Lander anglers join the effort to save the Yellowstone Cutthroat Trout; Time is running out, group is told

David Sweet of Cody told the Popo Agie Anglers Tuesday night that time is running out on the Yellowstone Cutthroat Trout.

(Lander) – More than two dozen anglers turned out Tuesday night to hear a presentation on a project to “Save The Yellowstone Cutthroat Trout,” by Cody resident David Sweet, a past president and current treasurer of Wyoming Trout Unlimited. Last fall, Sweet was recognized by the national Trout Unlimited organization when it presented him the TU Distinguished Service Award for his efforts on Yellowstone Lake and in the Wyoming Council.

“As short as eight years ago, fishermen knew the glory of fishing the Yellowstone, all of us were catching fish,” Sweet told the group. “But even before that, over the last 15 years, the fishery has diminished. Yellowstone Lake was once considered the stronghold of the species and held nearly four million of the brilliantly colored Yellowstone Cutthroat. But today, we really don’t know how many are left. The population certainly is no more than 10 percent of that number, and maybe even five percent. We only have five years left to save this species.”

Why the decline?

“The Day of Infamy, in my mind, was July 30, 1994. That’s the date the first Lake Trout was turned into Yellowstone Park Rangers,” Sweet said. “The Lake Trout are simply eating the Yellowstone Cutthroat into a severe decline.” Not a native species, Lake Trout apparently were introduced into the lake. Exactly how and when they arrived there is not known. The Lake Trout is a predatory species, “and it likes fish flesh,” Sweet said.

To illustrate the severity of the decline of the Yellowstone Cutthroat, Sweet used numbers from the Park’s Clear Creek Weir, placed on a major tributary to the lake that was annually used to determine how many of the trout were spawning in that drainage through 2008. The weir washed out that year. “At it’s peak in 1978, the weir recorded 70,0oo cutthroat heading up stream to spawn. In the last recorded count three years ago that number had declined to 500 fish.

Sweet said Lake Trout are the overwhelming cause of the cutthroat’s decline, but he said other minor factors including an extended drought and whirling disease are contributing factors. “We’ve only found whirling disease in one drainage, Pelican Creek,” he said.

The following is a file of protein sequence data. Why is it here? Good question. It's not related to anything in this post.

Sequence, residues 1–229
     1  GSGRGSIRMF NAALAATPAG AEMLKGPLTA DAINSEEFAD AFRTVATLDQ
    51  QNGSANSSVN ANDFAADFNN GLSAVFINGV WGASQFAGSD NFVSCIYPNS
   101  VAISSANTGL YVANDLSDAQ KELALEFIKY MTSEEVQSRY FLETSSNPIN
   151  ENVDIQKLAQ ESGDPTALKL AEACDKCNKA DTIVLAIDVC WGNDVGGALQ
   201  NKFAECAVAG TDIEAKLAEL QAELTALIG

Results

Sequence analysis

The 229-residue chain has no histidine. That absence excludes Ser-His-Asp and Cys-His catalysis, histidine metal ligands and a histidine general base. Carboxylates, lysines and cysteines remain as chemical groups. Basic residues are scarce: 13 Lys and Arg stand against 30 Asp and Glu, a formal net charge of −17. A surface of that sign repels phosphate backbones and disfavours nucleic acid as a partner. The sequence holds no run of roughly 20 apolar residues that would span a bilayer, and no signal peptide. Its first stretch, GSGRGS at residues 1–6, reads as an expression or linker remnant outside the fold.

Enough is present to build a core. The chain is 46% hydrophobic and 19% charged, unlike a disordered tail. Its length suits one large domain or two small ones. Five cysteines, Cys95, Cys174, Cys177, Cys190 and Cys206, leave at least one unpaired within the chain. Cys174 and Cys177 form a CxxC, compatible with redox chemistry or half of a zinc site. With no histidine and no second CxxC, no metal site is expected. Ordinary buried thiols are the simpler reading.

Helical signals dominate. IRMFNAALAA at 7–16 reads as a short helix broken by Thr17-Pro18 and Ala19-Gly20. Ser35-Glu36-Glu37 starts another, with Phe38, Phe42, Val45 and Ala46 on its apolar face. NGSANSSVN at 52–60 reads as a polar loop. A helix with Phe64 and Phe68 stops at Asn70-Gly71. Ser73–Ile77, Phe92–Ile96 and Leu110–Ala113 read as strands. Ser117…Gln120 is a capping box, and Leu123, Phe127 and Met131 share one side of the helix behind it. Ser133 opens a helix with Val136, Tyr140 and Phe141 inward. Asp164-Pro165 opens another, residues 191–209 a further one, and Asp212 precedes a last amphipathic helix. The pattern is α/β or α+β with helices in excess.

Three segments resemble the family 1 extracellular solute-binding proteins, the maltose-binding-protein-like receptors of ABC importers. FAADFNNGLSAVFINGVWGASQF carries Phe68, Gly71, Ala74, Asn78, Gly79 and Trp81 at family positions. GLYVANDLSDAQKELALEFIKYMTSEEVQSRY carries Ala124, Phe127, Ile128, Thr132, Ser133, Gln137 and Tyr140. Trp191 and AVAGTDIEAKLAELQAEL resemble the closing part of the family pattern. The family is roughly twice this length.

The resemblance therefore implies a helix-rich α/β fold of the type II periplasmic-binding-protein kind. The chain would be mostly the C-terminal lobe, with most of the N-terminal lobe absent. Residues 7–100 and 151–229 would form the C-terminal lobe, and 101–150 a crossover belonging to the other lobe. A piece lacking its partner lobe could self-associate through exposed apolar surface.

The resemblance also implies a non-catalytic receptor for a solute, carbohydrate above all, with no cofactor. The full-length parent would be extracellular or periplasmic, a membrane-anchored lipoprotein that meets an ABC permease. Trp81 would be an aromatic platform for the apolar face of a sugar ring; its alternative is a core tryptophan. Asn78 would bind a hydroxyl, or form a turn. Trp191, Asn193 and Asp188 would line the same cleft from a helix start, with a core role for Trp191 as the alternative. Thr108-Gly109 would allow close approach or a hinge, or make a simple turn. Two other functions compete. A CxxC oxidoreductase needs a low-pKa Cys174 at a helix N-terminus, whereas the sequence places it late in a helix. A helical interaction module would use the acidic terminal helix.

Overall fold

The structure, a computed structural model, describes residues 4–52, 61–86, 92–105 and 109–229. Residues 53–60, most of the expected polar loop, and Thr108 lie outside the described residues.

To help recover the cutthroat numbers, Sweet said a number of initiatives have been launched, including an aggressive gill netting program, live trapping of fish and the initiation of a telemetry mapping system, including the use of tagged Lake Trout, to find out where and when the fish spawn. Concurrently, he said research is underway to determine the best way to destroy the eggs of the Lake Trout. “Fortunately, they swarm spawn in huge numbers in a very small space, maybe half the size of this room,” Sweet said. “So it’s critical we find all of the spawning sites.”

The gill and live fish trapping efforts are now costing up to $1-million per year, but Sweet said they are starting to see some results. “Since 1994, we’ve removed 220,000 Lake Trout from Yellowstone and we estimate there are about 300-to 400,000 of them in the lake. I believe that if we can remove one half of the population with these eradication efforts each year, we’ll put the Lake Trout in steep decline. That’s the hope,” Sweet said.  “We need to kill off the recruitment and then we can work on restoring the cutthroat trout population.” And Sweet reiterated that time is of the essence. “We only have five years left to get this done,” he said.

Scott Christy from Trout Unlimited in Lander opened the meeting Tuesday night.

The telemetry study is expensive, and Sweet said more tracking implants and receivers around the lake are needed to gain a complete understanding of the Lake Trout’s movements and habits. “Our Wyoming Council goal is to raise $85,000 to purchase the hydroacoustic electronic tags, and so far we’ve gathered about $54,000.” The tracking tags cost $450 each and ones that also measure the depth the fish are swimming, are $750 each. “We need both,” he said.

At the conclusion of the meeting, Ron Hansen from the Wind River Outdoors Company and the Popo Agie One Stop issued a challenge to anglers and to the community. “I’ll match all local donations up to $2,500,” he said. Donations can be made at the two stores, or through the Popo Agie Anglers.

To learn more about the efforts to Save The Yellowstone Cutthroat, visit or call Trout Unlimited in Lander at 250 N. 1st Street, (307) 332-7700, or go on line to :